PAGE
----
Let’s take a break. No violent topics today. A recurrent topic in this website is the unbearable resemblance of the Israeli society to George Orwell’s 1984. No matter how horrific the events surrounding them are, Israelis spend most of their time in a fantasy world where cartoon characters—sometimes disguised as not very shrewd politicians—distract them from their wretched reality. The reason for this digression in the website activity is that on March 12, 2012, Israel chose its logo for the London 2012 Summer Olympics. This followed a feral battle that lasted months. For those expecting more serious topics from me, I beg you to read until the end.
Baby Bamba Summer Olympics 2012 Israel Logo
Kishkashta | Shpitzik
Srulik—Diminutive for “Israel” “Tembel” Hat
Last summer, the Olympic Committee of Israel had asked the public to choose the team mascot, out of five proposed cartoon images. In December, the public picked Shpitzik (“pointy” in a mix of German and Russian-Hebrew) the prickly pear. The German-named mascot (right in the above image) very much resembled Kishkashta (“you spoke nonsense” in Hebrew, left in the same picture) the prickly pear presenter of the program "Mah Pitom" (literally: “what suddenly!,” Hebrew idiom for “no way!”). The latter was a very popular program of Israel’s Educational Television in the 1970s. Prickly pear is so surprisingly popular there since its name in Hebrew (“tzabar”) is used to denote Israeli Jews. The prickly exterior of the plant represents the harsh speaking style of Israelis. Unexpectedly, the Educational Television sued the Olympic Committee for the theft of their idol. The Tel Aviv District Court ruled in the network’s favor. The Olympic Committee was forced to stop using Shpitzik’s image, and to pay Educational Television NIS 50,000. Humiliated, the Olympic committee took no more chances. They turned to Baby Bamba, Israel’s eternal secret weapon.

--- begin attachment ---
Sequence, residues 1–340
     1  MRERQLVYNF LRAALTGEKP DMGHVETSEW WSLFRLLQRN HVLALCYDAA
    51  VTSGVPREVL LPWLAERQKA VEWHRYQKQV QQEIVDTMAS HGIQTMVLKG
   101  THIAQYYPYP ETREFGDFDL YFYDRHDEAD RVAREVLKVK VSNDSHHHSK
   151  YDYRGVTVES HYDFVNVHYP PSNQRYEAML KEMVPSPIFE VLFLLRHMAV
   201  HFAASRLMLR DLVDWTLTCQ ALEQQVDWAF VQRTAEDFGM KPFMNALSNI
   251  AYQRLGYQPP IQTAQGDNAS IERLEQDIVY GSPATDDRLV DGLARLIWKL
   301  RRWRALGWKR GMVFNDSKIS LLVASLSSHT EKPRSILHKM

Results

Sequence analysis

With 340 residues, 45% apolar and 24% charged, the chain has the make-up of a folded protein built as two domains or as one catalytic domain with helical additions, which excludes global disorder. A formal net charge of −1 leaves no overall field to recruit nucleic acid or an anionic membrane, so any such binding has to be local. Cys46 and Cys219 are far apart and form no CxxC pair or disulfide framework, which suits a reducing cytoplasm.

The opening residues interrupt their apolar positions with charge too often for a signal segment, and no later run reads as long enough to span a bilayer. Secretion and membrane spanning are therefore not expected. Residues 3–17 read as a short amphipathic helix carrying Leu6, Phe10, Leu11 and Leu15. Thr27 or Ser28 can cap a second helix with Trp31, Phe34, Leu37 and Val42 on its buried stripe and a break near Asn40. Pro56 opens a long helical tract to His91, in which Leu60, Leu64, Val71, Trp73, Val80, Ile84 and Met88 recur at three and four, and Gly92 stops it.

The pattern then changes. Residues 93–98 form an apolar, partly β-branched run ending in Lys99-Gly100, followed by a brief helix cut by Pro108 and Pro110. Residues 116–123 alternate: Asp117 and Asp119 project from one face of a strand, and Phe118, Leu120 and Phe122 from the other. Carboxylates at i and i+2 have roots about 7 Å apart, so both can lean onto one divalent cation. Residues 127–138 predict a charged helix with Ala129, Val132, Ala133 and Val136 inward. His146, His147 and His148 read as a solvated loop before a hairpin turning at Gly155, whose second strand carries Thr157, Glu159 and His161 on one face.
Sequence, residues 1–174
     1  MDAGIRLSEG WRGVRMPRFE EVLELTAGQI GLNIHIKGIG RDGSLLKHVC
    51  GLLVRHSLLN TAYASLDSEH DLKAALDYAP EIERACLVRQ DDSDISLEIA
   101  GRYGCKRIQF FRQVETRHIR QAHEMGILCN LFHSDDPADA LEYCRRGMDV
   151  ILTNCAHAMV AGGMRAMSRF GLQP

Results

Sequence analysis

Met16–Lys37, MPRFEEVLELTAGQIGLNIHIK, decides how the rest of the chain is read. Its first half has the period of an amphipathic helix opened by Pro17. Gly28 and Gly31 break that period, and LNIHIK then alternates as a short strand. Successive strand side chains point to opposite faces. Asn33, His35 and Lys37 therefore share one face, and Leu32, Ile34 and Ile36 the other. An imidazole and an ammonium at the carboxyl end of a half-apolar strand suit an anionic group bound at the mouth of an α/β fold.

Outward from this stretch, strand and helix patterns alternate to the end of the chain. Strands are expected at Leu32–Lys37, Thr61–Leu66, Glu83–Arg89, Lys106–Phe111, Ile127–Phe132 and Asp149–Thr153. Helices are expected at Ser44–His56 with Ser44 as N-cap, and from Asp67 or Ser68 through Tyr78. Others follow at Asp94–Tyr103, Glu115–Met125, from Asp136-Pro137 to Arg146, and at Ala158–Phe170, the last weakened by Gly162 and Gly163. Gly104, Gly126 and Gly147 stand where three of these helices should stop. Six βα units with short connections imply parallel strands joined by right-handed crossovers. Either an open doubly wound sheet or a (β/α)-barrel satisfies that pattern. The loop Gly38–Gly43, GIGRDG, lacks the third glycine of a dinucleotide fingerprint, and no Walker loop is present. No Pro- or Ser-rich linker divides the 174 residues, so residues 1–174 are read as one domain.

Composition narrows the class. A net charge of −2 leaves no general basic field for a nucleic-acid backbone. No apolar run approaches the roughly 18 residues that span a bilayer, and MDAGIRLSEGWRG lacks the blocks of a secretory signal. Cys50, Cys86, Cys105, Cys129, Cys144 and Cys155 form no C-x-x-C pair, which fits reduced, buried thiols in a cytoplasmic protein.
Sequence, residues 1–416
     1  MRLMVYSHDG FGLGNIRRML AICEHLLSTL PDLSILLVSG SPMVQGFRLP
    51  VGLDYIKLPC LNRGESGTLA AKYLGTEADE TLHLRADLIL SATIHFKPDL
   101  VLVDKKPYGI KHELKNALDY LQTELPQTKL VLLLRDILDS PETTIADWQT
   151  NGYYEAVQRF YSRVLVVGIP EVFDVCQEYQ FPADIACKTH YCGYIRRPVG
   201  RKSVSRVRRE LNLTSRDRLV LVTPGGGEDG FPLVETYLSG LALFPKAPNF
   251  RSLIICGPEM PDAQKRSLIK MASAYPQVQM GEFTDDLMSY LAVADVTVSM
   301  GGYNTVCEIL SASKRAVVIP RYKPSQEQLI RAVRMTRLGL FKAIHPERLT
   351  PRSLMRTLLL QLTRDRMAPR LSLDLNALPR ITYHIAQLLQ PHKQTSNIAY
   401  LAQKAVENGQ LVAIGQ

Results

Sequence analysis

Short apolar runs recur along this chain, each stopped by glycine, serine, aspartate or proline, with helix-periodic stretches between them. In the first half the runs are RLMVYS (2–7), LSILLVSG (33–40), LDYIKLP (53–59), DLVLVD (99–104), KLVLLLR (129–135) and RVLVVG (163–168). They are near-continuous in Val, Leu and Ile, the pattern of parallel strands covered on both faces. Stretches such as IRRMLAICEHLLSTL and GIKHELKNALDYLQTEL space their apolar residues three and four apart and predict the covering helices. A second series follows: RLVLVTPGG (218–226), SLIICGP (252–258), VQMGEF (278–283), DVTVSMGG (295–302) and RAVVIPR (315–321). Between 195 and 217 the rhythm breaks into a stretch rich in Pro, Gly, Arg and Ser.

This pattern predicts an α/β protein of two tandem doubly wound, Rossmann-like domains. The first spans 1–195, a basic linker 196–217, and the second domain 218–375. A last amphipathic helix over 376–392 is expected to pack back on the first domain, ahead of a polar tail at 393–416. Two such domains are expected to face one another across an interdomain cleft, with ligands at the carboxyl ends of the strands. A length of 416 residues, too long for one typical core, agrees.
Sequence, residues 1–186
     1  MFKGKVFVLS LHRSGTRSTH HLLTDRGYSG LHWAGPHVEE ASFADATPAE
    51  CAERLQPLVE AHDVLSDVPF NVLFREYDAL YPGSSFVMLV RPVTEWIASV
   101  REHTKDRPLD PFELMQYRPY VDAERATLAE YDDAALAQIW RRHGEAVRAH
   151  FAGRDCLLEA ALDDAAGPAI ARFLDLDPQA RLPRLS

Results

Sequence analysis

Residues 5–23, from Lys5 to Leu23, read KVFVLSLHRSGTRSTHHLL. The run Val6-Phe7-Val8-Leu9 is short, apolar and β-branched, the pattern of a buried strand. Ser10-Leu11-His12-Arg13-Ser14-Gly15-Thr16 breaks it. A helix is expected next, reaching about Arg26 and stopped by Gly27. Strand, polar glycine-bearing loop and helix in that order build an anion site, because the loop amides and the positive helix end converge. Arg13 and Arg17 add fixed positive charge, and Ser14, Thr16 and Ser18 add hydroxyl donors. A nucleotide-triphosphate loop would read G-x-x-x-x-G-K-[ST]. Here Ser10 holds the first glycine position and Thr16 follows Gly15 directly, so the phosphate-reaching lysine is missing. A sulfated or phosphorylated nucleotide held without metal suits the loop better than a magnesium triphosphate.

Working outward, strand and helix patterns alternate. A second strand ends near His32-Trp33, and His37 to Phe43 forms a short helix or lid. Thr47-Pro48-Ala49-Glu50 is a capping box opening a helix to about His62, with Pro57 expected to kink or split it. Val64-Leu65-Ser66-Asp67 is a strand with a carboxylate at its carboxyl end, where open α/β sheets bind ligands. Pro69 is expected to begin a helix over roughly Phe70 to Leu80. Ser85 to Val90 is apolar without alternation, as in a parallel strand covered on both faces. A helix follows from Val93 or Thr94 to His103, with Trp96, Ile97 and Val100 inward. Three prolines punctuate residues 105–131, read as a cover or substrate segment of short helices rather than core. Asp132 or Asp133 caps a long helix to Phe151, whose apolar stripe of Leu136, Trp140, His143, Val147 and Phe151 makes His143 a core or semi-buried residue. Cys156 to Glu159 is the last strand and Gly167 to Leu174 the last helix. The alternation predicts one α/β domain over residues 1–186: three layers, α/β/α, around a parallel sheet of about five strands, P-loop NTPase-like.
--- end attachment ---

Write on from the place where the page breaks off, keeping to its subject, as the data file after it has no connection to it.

Interlude: Sex, Zion and Olympics
London 2012 Zion
This wasn’t the first time Israel made news with respect to the London 2012 Olympics. Showing a typical aspect of their culture, most Hebrew speakers find the following issue amusing rather than embarrassing. For unclear reasons, the Hebrew term and name “Tzion” (one of Jerusalem’s mounts, pronounce tzee-ohn, “ee” short, “oh” long) has been transliterated into English as “Zion.” As pronounced by English speakers, it is closer to a Hebrew word meaning “sexual intercourse” than to “Tzion.” Maybe this symbolizes the actual relations between Zionists and Anglo-Saxons. Following the lead, the Hebrew term for “Zionism” is “Tzionut” (pronounce it like “Tzion” and add “oot”), if following the same transliteration method, the result would resemble the Hebrew word for “prostitution.” Any additional comment is superfluous. Accordingly Iran has complained that the London 2010 Logo spells out a funky “Zion,” look at the picture and decide for yourself.